What stunned me were Spiros’ produce prices. I couldn’t believe that this tiny shop had better-than-competitive prices than the giant chain supermarket in the next parking lot. Fresh lemons, 4 for $1, heads of garlic, the same; healthy-looking eggplant, lettuces, carrots, tomatoes of all sizes and onions, jicama, Swiss chard (my new, recent love), broccoli, and mushrooms. What caught my eye first were the size of the portobella mushrooms, and it was then and there that I constructed a dinner in my head. At the deli counter (I smelled it before I saw it!) they offer loads of yummy olives, and my favorite, feta cheese. The feta prices per pound were reasonable, and I knew that feta was what I wanted to stuff my giant portabello mushroom with. I ordered a half pound, and it came nicely double wrapped in paper and plastic wrap: a nice, fragrant, healthy-looking chunk of delicious cheese that puts “store-bought” to shame.

Ready-made dinners.

If you’re feeling lazy or are in a hurry, Spiros pre-makes their yummy Greek-Italo dinners for your convenience: just take home and reheat. Grab a bottle of wine and some baklava from the deli, and you are good to go. Bliss!

My favorite part of Spiros (besides the cheese)  is the dry goods: Alessi brand foods, like dried soups, espresso, ladyfingers, cannoli shells, and marinara sauces. Alessi (based in Tampa) always makes quality stuff and it’s painfully authentic Italian. (If you’ve never been to the Alessi restaurant in Tampa, you owe it to yourself to pay a visit.) Spiros even offers pignoli nuts in bulk – how cool is that?

Vigo & Alessi - Tampa homeboys.

I wound up with just the half pound of feta, giant mushroom, and fresh head of garlic, but resisted temptation for other things (which is tres difficulte for me!). And let me tell you: that fresh feta was AMAZING. Perfectly salty but not too, it complemented the garlic and the portabello as I grilled the three together. When I want my next feta fix, it’s going to come from Spiros (and as they’re open 7 days a week – not made hard at all).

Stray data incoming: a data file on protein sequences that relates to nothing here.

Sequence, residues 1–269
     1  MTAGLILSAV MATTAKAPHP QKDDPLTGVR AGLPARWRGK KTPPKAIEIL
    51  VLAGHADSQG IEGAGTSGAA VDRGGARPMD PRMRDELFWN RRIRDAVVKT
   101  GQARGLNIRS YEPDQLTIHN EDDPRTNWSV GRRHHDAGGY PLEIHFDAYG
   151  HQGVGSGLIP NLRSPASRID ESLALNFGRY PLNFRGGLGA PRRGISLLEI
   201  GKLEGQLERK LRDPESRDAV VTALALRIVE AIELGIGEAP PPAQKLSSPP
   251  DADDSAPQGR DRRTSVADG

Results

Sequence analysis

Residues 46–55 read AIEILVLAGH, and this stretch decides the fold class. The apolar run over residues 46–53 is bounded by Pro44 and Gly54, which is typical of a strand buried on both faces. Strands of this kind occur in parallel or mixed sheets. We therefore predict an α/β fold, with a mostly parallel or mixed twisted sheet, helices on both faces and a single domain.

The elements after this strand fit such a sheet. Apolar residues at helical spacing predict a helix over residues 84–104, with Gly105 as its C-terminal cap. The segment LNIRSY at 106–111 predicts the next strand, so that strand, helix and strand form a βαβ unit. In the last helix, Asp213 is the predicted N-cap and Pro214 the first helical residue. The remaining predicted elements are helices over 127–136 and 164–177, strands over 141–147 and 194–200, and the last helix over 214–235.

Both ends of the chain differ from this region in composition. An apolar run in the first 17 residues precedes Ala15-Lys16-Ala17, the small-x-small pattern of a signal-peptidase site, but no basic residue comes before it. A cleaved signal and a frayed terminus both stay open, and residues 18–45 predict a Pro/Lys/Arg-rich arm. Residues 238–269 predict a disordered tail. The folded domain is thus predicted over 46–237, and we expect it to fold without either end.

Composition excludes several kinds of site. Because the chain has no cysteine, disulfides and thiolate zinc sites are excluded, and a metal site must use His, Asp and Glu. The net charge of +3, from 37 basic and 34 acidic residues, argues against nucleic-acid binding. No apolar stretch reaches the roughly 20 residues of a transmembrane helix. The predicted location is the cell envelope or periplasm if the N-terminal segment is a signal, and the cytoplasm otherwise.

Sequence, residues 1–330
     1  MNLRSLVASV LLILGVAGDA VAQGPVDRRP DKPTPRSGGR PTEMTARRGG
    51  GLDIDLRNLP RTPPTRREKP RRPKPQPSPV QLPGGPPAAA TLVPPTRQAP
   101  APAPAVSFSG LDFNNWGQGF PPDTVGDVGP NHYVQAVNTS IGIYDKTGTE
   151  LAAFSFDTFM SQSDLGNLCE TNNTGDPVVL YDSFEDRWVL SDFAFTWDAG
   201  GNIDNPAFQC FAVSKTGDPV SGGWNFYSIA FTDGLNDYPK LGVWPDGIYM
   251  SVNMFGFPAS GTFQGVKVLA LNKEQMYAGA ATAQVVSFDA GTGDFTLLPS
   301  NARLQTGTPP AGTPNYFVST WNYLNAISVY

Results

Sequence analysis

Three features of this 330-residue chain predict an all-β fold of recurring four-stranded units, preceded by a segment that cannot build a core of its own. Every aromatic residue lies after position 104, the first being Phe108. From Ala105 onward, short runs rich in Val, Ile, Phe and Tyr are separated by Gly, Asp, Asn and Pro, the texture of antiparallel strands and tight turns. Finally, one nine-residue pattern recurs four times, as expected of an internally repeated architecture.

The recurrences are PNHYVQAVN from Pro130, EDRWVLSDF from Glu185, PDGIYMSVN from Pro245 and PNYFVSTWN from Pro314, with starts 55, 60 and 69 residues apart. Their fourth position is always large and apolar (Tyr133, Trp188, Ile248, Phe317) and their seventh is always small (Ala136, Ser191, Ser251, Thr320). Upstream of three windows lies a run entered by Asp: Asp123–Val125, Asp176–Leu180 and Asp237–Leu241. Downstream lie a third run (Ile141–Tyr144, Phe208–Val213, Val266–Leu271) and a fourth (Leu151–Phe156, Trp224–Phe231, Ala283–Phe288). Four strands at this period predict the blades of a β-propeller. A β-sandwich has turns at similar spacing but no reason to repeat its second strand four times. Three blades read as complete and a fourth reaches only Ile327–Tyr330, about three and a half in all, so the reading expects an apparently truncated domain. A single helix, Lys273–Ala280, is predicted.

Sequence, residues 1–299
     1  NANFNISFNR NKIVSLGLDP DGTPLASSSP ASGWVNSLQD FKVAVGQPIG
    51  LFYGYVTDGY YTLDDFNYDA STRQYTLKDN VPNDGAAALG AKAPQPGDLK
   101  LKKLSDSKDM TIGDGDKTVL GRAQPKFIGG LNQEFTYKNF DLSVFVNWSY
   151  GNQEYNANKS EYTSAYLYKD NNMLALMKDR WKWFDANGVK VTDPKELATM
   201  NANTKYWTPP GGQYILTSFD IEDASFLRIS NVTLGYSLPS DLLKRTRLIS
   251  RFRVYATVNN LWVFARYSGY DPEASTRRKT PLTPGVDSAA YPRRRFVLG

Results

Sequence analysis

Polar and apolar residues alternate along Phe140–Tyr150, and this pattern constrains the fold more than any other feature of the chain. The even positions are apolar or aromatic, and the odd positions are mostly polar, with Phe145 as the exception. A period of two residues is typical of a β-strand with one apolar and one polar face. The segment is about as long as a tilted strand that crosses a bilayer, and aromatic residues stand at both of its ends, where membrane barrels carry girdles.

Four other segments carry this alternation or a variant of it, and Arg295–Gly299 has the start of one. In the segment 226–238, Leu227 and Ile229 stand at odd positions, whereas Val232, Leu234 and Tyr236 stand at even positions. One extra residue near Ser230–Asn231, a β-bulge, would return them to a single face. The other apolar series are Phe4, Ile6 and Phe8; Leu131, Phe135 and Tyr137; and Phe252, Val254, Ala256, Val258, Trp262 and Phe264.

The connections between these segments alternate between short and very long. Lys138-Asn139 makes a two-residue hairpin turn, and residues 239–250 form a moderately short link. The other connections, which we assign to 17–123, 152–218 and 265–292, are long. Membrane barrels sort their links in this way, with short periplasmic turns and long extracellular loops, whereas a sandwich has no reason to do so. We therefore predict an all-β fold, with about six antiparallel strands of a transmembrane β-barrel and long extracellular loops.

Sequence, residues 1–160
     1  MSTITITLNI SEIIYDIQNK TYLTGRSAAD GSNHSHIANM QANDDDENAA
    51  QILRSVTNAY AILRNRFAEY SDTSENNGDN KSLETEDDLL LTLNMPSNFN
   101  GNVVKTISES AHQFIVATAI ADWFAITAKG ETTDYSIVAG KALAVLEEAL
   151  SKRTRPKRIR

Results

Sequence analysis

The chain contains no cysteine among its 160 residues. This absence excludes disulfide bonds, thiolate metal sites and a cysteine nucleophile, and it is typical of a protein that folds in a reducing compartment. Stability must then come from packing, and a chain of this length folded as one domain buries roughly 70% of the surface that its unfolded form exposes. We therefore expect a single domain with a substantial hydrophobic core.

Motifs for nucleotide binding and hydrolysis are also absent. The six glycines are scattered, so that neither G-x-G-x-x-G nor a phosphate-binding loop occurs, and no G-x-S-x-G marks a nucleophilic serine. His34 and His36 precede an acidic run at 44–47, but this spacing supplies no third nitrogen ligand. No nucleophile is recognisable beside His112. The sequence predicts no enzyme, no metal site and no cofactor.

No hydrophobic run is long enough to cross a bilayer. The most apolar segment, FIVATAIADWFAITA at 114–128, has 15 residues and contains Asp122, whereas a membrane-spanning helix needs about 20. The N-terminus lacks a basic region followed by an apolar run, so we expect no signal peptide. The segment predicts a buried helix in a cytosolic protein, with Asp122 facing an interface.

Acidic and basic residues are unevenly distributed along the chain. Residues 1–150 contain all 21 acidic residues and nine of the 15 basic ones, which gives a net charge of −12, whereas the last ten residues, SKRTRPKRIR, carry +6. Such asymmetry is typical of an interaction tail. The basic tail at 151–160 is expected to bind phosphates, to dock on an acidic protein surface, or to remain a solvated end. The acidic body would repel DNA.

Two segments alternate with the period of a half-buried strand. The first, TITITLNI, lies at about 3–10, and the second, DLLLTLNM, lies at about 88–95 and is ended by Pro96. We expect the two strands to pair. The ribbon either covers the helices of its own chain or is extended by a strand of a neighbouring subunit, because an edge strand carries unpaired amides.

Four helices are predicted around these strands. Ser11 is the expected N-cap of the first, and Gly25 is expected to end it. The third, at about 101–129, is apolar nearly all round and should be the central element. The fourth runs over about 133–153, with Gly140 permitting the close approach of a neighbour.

You can find Spiros at 6801 Gulfport Blvd South, in South Pasadena. Go – and indulge.

One Way with Swiss Chard

I’d always wanted to try it but never had the chance before. It’s hard to find in this part of Florida. When I stumbled upon it at the local health food store last week, its seductive red stalks beckoned to me and I just had to buy it. At $1.99 for an organic batch, it seemed a good deal.

Problem was, never having prepared it before, I was a little bewildered. I did a little research on ways to cook it, even consulting Deborah Madison’s Vegetarian Cooking for Everyone. She recommended cooking it like other greens, sauteed in olive oil, but I do that so often with other veggies, that it just seemed boring to me.

Then a lightbulb came on: quiche! An elegant, crustless quiche, able to be served hot or cold, would do the trick nicely. I sauteed the beautiful chard with red onion…

…whipped up some eggs and mozzarella, sea salt and black coarsely ground pepper, and folded the veggies in. Mixed well; poured into a pie plate, and topped it with just a squinch of herbs de Provence.

It turned out beautifully and made a sophisticated little lunch!

Now, I am not normally an egg eater; as a matter of fact I stay far and away from them at all times. But I have seen some quiche recipes with silken tofu and I do plan to try using that next time so I don’t have to deal with the evil Egg empire. Quiche is a nice changeup from the burger-fries lunch – it does feel like a special thing, but really takes almost no time to cook. Like an omelet, you can throw anything into the mix and it usually comes out yummy. Quiche – it’s what’s for breakfast, lunch, or dinner! Chard – good-looking and good for you, too!

Here is a little video to get you inspired to make quiche: 😉

Pickles on the cheap

Why settle for soggy, oversugared, unflavorful store-bought pickles, when you can easily and more cheaply make your own?

If it’s quick refrigerator pickles you want, then it’s quick refrigerator pickles you shall make. Cukes are cheap (I got mine for a quarter) and the pickling ingredients are nominal as well. I packed my jar with dill, turmeric, 2 cloves of garlic, a pinch of sea salt, black pepper, mustard seeds. Plain white vinegar and a dash of water took care of the rest. I usually wait about 4 days until digging in – and boy, they are good! Try to use them within the week. Discard the old solution, clean your jar in the dishwasher, and try pickling other things, too!

The fruits of my labor


These are some of the beans and peas from my garden. I fixed them up in a fiery Thai curry with noodles. The beans were so bright green after cooking, and tasted so fresh!